Originally published on April 24, 2017. Phoenix Forgotten is available on Hulu’s streaming service.

Overview: Twenty years after strange lights appeared over Phoenix, Arizona, a young filmmaker seeks the truth behind the disappearance of her brother who went missing while investigating the sightings. Cinelou Films; 2017; PG-13; 87 minutes.

Worth Remembering: I frequently see people using the terms “found footage” and “mockumentary” interchangeably, which is an error I’m never in a hurry to correct, given that anyone who hasn’t learned the difference by now likely has little interest in the horror/sci-fi genres where the two different forms are most frequently applied and the distinction most necessary. But in the case of Phoenix Forgotten, the understanding of the separate definitions is imperative, because the new film from Director Justin Barber contains one of each. A mockumentary is a fictional documentary, presented as an intentional product created by authors who may or may not be present in the movie– it’s edited and packaged to appear as a documentary that has been through a production process. Found footage, comparatively, is a form in which a story is presented as a collection of clips filmed by characters within a fictional narrative and discovered (or found) by the story’s presenters, who are most often different from those who captured the footage. Phoenix Forgotten presents a mockumentary authored by a sister investigating the disappearance of her brother, whose final hours are presented within as a found footage movie. When these two separate forms dance gracefully, and with balanced attention—the first half of this movie—Phoenix Forgotten nearly elevates itself into something exceptional.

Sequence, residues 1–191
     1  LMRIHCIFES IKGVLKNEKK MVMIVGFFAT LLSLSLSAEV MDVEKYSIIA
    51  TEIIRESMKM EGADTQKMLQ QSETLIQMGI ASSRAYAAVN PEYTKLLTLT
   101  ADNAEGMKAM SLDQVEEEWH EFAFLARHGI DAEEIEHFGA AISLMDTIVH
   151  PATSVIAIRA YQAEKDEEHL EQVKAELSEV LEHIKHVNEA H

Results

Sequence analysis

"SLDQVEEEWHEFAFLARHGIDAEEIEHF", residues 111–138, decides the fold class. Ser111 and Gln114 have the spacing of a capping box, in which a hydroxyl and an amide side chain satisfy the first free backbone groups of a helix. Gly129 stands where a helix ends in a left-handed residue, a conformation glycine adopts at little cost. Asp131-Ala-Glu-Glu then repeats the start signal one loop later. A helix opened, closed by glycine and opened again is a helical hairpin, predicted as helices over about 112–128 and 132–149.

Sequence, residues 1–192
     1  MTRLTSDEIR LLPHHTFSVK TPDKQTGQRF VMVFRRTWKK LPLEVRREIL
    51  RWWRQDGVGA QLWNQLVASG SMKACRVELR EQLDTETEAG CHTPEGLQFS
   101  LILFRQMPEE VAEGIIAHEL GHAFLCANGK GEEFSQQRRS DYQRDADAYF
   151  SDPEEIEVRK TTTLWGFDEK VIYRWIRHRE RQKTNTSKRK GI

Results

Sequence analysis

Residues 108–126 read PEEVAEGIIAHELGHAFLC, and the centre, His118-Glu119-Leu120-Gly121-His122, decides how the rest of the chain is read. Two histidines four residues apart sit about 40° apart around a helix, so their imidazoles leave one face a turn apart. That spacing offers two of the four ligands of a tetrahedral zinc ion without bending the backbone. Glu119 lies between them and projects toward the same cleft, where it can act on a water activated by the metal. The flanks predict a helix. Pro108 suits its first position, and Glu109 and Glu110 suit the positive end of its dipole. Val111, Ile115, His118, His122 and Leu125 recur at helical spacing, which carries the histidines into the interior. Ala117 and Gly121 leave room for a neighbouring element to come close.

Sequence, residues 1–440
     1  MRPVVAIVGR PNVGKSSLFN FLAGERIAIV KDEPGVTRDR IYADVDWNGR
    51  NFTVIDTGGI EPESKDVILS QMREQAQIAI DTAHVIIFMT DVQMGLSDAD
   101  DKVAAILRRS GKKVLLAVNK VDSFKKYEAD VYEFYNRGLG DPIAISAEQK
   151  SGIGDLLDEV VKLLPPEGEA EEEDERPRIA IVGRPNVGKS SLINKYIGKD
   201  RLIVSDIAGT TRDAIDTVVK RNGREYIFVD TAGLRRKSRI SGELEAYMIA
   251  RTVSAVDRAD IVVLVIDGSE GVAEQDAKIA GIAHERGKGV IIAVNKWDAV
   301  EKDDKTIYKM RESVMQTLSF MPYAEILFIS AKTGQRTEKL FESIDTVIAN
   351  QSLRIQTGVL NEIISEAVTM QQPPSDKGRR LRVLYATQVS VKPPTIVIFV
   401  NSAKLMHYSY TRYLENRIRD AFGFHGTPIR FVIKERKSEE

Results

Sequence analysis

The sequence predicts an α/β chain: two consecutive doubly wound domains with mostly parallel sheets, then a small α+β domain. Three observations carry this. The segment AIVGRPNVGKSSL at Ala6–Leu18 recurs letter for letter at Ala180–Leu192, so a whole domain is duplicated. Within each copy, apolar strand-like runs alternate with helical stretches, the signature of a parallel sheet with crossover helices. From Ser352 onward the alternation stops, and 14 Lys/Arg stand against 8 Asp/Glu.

The Mockumentary: As grown-up Sophie returning home with a cameraman to research her brother Josh’s (Luke Spencer Roberts) disappearance twenty years after the fact, Florence Hartigan carries a lot of weight as the emotional core of what is, at first, an emotionally complex film. Sophie’s research and interrogation open a lot of doors where unexpected substance spills into what could be a very generic B-film. Barber articulates a measured and mature look at familial grief, spearheaded by Josh and Sophie’s now-divorced parents, Steve (Clint Jordan) and Caroline (Cyd Strittmatter). There are avenues of intriguing emotional sub-text here, including Sophie’s own evident survivor’s guilt, which help enliven the more standard central found footage horror.

The Found Footage: Sophie’s investigation centers on Josh’s own footage, filmed on a personal camera, and another “borrowed” from his high school by his partner, producer, and friend, Ashley (Chelsea Lopez). Infused with emotion provided by the framing mockumentary, the found footage narrative is rather strong at first. Josh’s nerd influences, observed in both formats by the pop culture artifacts in his room, allows for an injection of speculative mythology to add color to a rather standard UFO sighting, including an interesting tie-in to Native American beliefs. These added elements and innovative construction adds an energy that heightens the unnerving effect of the encounter scenes. I’m beating a dead coyote here, but, once the film parts ways with the mockumentary, abandoning a tragic amount of emotional nuance, mythological intrigue, and Hartigan’s heavy lifting, everything dulls.

Worth Forgetting: A late turn of events sees a deus ex machina in the form of a recovered camera given back to the school. When this camera is turned over to Sophie, the film abandons her and her documentary and finishes exclusively with Josh’s filmed footage, the grainy, shaky cam using Lopez’s expressive face and obscured, frenetic sequences of loud, unimpressive abduction to close an ambitious film with an entirely unambitious third act.

Overall: Phoenix Forgotten, which builds as a unique experiment of dueling forms seeking emotional complexity, surrenders to simpler paths in its final act.

Grade: C

Featured Image: Cinelou Films